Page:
What did he mean by that? He meant that he quit being a Pharisee in order to follow Jesus—he lost his material things to become rich, stopped following the law in order to live by faith, and found himself out of control and in love. The false security of legalism paled in comparison to the fellowship he found in the sufferings and resurrection of Jesus Christ. Once Paul found Christ, he traded haughtiness for humility, cruelty for compassion, and legalism for love. He exchanged the smug superiority of the bigot for the heartfelt compassion of the converted. The self-righteous will never know the humility of the cross; those who earn their own small version of righteousness will miss the magnitude of Grace. The next time you are mad about someone else’s sin, stop for a moment to be grateful for the Grace that covered yours. If you are trying to be righteous, don’t achieve it: Accept it. It’s not what you earn but what you learn; it’s not what you achieve but what you receive; and it’s not rising above, but falling in love. Be found in Him.

The truest hope for the human race 
Is not in righteousness, but grace.
Legalism just imparts self-righteousness to human hearts.
Instead of judging sins all day,
Embrace the grace that came your way!
If you follow Jesus, know that I can't be much clearer:
The only time to judge someone is looking in the mirror.

To buy my latest book, Slaying Giants: Thirty Days with David, go here: https://www.amazon.com/Slaying-Giants-Thirty-Devotions-Ordinary/dp/172568327X/ref=sr_1_1?ie=UTF8&qid=1535814431&sr=8-1&keywords=Slaying+Giants%3A+Thirty+Days+With+David
To buy my book, Beggar’s Bread, go here: https://www.amazon.com/Beggars-Bread-Devotions-Ordinary-Guy/dp/1535457392/ref=sr_1_1?ie=UTF8&qid=1473336800&sr=8-1&keywords=Beggar%27s+Bread
For the Kindle Edition, go here: https://www.amazon.com/Beggars-Bread-Bo-Jackson-ebook/dp/B01K5Z0NLA/ref=sr_1_2?ie=UTF8&qid=1473336800&sr=8-2&keywords=Beggar%27s+Bread

 

Maybe the Best Thing About the Past is That It’s Actually a Present

If there is anything to be learned from history, it’s that we should learn from the past, but we can’t live there… The Apostle Paul put it this way: “Brethren, I do not count myself yet to have apprehended: but this one thing I do, forgetting the things which are behind, and stretching forward to the things which are before, I press on toward the goal unto the prize of the high calling of God in Christ Jesus.” (Philippians 3:13-14 ASV) Because he followed a worthy goal, Paul left everything behind in pursuit of his new quest. An important part of reaching his prize was being able to let go of the past, which creates an interesting question: If you’re a Christian, do you really forget the things you’ve left behind?

There are a couple of ways to look at that. We can easily get trapped by looking back in a somewhat unhealthy way, longing for unspiritual things, and the fulfillment of old, unsavory appetites. Paul talks about that in Romans 7, where he expresses frustration over the fact that he does things that he doesn’t want to do, motivated by his own sinful nature. The pull of temporary, sinful desire can certainly derail us from loftier goals. Paul challenges us to concentrate on where we are going, not on where we used to be. I think this is what Jesus meant in Luke 9:62, when he said, “No one who puts a hand to the plow and looks back is fit for service in the kingdom of God.” When you plow a field, you have to stay focused on a point straight in front of where you want to go.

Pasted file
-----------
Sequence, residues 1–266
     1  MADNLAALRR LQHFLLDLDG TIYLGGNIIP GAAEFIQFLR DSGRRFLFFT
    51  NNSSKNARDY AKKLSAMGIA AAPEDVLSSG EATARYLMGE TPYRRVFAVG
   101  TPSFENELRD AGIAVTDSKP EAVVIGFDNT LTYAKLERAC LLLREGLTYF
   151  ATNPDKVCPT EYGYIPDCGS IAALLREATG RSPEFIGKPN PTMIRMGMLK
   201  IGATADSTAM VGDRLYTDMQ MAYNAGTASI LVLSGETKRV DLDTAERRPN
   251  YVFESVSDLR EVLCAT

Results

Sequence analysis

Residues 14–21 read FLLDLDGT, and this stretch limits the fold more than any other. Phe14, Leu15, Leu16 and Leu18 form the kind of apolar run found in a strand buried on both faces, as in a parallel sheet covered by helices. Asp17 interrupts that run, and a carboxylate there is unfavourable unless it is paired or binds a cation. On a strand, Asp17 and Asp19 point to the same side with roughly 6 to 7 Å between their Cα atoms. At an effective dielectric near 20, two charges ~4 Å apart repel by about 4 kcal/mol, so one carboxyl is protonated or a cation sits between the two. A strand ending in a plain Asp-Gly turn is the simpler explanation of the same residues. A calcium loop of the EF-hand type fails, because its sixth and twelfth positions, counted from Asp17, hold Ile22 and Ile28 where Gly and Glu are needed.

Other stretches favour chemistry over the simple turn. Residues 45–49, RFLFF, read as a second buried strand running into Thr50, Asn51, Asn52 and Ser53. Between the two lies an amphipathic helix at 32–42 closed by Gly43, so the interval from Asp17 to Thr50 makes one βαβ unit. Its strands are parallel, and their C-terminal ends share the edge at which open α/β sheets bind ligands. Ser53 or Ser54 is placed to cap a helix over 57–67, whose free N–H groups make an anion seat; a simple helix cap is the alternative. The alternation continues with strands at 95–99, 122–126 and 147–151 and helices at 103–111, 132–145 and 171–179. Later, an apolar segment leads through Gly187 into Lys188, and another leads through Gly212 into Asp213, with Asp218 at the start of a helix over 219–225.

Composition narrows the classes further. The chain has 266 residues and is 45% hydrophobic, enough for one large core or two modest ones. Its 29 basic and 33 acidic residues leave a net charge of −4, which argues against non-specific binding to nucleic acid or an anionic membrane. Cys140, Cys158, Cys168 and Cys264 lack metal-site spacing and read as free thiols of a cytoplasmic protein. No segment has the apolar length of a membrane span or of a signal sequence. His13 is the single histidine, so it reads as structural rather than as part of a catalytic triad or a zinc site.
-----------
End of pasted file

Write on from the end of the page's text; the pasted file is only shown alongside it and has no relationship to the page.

If you want to plow a straight furrow, you have to focus on what’s ahead; otherwise you will get off line and your rows will be crooked and useless for cultivation. Jesus knew that it was impossible to be fruitful and productive in the present while gazing back into the past. To paraphrase George Santayana’s famous quote, “Those who choose to stay chained to the past will be doomed to repeat it.” Release yourself from old habits and patterns by focusing on new goals and opportunities! The other mistake we often make about the past is that we fail to allow ourselves to grow beyond it. We repeat unkind messages to ourselves, we refuse to forgive ourselves, and we limit our potential based on feelings of unworthiness. In the Kingdom of God, those limitations are past. Do you see yourself the way God sees you? He’s not looking at your mistakes or failures, He sees you the way he intended you to be. He sees you complete and perfect, pristine and pure, and He has already forgotten your flaws and imperfection. Psalm 103:11-12 says, “For as high as the heavens are above the earth, so great is his love for those who fear him; as far as the east is from the west, so far has he removed our transgressions from us.” If that’s not enough assurance, then read Isaiah 43:25: “I, even I, am he who blots out your transgressions, for my own sake, and remembers your sins no more.” God removes our transgressions from us and remembers them no more. If HE is willing to forget your mistakes and move on, then So. Should. You.